Fruechting turns life around
Josh Fruechting is undoubtedly on the right track. It may have been difficult to convince Fruechting in 2008, when he was living out of his truck, that his life would turn out this way.
The 26 year old quickly gained responsibilities in the U.S. Army, even though he is a specialist. He is part of the 74 Delta CBRN medical unit in Afghanistan. His job with the unit is to take preventative measures against biochemical attacks on U.S. soldiers in Afghanistan. The army tapped his biochemistry experience. While in the Army, Fruechting is completing a double major in biochemistry and criminology from Colorado State University online.
When stationed in the U.S., Fruechting conducts tear gas tests with recruits to condition enlisted men in attack situations. Fortunately, there have not been any chemical weapons used in Afghanistan.
With time on his hands, Fruechting was also assigned as the head of a logistical unit securing supplies, including vehicles. The vehicles come from local Afghani dealers.
“We come from a culture of urgency,” Fruechting explained. “They’re much more laid back. You try to be patient with them. The best practice I’ve had is treating them politely and cordially.”
Although Fruechting is excelling, life at Kandahar is not easy. It is a common practice that insurgents will launch rockets at the base on both American and Afghani holidays. Under attack or not, Fruechting deals with everything as it comes; he has worked too hard to get to this point and he will not let events out of his control deter him.
In 2008, Fruechting was homeless for five months, living out of his truck in Colorado. His mother Nancy Fruechting said the only thing that kept him sane was the company of his black Labrador retriever, Orion.
He was going to school and working full-time, but he had been laid off at a local bank. He scrounged for work before landing a lucrative opportunity with a construction contractor.
Fruechting had always planned to go into the Army, but he wanted to do it as an officer. He participated in the ROTC program at the University of Colorado-Denver.
When the construction contractor went out of business in 2009, Fruechting was faced with a life-altering decision — stay in college and change his life plans or enlist and delay his development in the Army. His time was running out; the Army would not accept him past age 26. He would not give up his Army dream.
“I don’t have it in me to quit,” Fruechting said. “No matter what’s thrown at you, you can let events control you or you can take those events, accept them, and let them make you a stronger person.”
Fruechting was a rebellious teenager. He hated living on a farm outside of Marion. He took out his frustrations by generally doing the exact opposite of what his parents, Mike and Nancy Fruechting, asked.
Although his grades slipped during this tumultuous time, intelligent problem solving was never his problem.
Mike Fruechting set an Internet curfew of midnight for his children. Being the technology coordinator at USD 408, he locked the family computer and could monitor Internet access on his laptop. While he was asleep, he heard the tell tale pinging sound notifying him that his son had gotten online.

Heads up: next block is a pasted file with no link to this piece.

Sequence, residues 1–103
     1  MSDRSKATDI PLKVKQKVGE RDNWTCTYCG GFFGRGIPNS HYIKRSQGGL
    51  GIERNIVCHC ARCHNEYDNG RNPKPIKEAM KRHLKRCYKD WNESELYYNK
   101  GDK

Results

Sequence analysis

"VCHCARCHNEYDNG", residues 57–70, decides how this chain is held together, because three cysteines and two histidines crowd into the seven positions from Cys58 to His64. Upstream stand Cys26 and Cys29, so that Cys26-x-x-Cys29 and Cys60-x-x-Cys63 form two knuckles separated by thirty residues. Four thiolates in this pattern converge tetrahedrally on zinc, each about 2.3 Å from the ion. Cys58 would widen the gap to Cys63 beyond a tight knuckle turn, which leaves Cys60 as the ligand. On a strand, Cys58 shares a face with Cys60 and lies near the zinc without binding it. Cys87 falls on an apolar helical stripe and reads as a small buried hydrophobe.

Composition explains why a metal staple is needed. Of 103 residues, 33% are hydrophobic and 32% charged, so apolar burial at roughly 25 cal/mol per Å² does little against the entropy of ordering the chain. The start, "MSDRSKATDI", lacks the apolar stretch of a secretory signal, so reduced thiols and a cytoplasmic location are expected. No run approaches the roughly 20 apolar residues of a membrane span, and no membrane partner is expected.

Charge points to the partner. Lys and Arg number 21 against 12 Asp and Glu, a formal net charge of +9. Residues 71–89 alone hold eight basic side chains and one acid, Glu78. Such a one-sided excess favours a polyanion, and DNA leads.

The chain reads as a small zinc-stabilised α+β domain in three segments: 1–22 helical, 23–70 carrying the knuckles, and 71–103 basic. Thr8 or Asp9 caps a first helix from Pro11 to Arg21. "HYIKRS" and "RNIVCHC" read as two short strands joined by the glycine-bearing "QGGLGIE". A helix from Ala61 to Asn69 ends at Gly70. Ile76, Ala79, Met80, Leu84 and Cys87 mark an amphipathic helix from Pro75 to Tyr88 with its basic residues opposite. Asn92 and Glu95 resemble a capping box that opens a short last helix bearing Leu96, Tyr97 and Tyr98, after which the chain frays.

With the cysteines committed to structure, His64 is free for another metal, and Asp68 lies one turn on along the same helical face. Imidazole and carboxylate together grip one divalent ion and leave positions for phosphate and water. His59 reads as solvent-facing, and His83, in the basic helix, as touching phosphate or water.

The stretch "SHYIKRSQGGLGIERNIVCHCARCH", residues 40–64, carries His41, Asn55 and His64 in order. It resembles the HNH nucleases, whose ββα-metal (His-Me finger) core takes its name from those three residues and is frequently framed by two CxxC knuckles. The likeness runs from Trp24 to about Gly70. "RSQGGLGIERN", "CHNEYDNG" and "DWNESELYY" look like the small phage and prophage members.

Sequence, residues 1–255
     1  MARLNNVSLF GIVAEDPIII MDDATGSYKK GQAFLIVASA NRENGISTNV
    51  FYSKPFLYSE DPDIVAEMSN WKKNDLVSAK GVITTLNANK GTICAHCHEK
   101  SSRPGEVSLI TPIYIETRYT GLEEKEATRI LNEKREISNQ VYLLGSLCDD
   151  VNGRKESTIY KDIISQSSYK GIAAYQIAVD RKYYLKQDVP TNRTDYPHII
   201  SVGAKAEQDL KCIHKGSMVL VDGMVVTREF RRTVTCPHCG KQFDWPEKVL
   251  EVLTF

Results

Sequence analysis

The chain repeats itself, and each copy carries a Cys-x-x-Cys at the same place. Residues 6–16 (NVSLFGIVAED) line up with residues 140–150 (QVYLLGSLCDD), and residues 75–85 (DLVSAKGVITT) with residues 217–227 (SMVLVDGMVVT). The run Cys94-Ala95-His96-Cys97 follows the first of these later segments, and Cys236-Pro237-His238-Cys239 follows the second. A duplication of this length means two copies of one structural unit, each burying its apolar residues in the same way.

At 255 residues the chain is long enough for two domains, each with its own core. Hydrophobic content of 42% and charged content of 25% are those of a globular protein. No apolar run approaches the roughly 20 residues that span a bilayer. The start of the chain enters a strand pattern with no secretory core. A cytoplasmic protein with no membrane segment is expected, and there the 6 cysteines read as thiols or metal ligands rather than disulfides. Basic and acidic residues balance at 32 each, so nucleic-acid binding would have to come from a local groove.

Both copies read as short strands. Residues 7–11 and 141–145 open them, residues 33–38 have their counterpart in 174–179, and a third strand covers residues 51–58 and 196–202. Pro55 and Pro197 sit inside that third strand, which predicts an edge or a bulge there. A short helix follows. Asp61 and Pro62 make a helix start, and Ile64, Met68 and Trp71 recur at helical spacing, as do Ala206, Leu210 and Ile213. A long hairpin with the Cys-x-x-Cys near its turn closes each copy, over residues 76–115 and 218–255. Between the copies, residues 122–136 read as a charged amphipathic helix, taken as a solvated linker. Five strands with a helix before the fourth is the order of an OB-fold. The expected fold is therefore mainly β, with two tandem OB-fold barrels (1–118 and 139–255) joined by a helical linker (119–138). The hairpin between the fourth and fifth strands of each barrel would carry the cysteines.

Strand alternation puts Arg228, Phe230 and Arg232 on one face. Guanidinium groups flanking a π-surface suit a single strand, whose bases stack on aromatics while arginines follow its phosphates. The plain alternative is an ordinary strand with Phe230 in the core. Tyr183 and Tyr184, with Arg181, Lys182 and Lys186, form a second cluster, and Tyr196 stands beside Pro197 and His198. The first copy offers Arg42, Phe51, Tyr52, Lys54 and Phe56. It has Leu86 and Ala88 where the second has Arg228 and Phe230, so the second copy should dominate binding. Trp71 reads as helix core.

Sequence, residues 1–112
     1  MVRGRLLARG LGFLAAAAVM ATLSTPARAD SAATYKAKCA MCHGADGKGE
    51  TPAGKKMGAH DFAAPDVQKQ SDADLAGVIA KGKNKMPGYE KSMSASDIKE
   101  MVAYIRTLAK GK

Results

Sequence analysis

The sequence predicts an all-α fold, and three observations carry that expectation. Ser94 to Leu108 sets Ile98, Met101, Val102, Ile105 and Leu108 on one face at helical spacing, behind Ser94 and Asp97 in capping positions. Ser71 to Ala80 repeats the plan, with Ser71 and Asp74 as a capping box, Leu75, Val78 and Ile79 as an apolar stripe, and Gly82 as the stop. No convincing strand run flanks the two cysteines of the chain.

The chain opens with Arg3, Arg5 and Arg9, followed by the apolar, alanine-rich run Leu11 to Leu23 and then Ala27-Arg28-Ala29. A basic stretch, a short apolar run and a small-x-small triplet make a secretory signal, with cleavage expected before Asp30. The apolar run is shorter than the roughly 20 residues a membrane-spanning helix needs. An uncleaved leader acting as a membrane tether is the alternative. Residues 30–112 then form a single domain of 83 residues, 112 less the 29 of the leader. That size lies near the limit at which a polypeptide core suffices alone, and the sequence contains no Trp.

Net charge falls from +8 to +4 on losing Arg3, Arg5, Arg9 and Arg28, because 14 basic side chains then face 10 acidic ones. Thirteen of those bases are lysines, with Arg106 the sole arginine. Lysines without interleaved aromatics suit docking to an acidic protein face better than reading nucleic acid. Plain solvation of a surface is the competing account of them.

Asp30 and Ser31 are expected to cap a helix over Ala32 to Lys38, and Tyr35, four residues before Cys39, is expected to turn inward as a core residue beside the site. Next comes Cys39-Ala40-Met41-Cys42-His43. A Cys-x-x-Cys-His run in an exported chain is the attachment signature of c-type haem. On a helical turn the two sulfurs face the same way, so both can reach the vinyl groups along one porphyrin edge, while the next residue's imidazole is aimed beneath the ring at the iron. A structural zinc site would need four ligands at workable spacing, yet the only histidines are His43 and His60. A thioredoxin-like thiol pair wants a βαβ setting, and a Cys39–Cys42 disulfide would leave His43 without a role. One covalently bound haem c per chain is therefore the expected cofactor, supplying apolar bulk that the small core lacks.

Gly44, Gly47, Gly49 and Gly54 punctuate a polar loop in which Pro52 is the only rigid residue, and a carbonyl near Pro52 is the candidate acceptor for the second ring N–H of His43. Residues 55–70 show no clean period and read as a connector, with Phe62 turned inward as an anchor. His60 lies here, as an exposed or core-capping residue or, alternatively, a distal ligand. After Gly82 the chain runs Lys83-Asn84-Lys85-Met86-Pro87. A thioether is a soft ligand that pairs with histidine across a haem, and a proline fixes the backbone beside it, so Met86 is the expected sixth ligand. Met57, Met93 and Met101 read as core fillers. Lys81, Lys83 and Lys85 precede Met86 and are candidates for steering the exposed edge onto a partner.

Undeterred Mike Fruechting set up other obstacles for his son to overcome, which he invariably did. Finally, Mike had to unplug the connection. Josh Fruechting used a friend’s cordless phone to connect to the Internet one more time.
Mike Fruechting was more amazed than mad.
“I don’t know how he keeps doing this,” he said.
Josh Fruechting can be a chameleon among different groups of people.
At MHS, he was an athlete, participated in forensics, had the farm background, and always held an interest in science.
“I’m some combination of country, athlete, and nerd,” Fruechting said.
After hitting the books in Denver, one of Fruechting’s favorite activities was to brand cattle with his ranching friends. He would often find shocked faces from either group when he would explain where he had just been.
“You’re out there with some guy covered in manure and blood and he talks about physics class,” Fruechting said.
Fruechting’s eclectic mixture of interests has shaped who he has become and allows him to relate to many different groups, including Afghans with whom he does not share the same culture.
“If we do nothing else other than help them not have to live in fear, that’s a major accomplishment,” Fruechting said. “(The Taliban) recruit through fear. There are basic human rights people deserve.”
More than anything, Fruechting is determined to use his life experiences to motivate him to capitalize on his potential. His goal is to have a lifelong career in the military.
“The way I live my life, I want to look back and say, ‘this is what I gave back, this is the difference I made, this is the service I gave,’” Fruechting said. “Looking at life from a future stand point helps you to not have regrets. The last thing anybody wants is to be sitting there at 80, 90 years old and wonder, ‘what did I do.’”
Aulne Methodist Church will host a family meal for Fruechting on Saturday.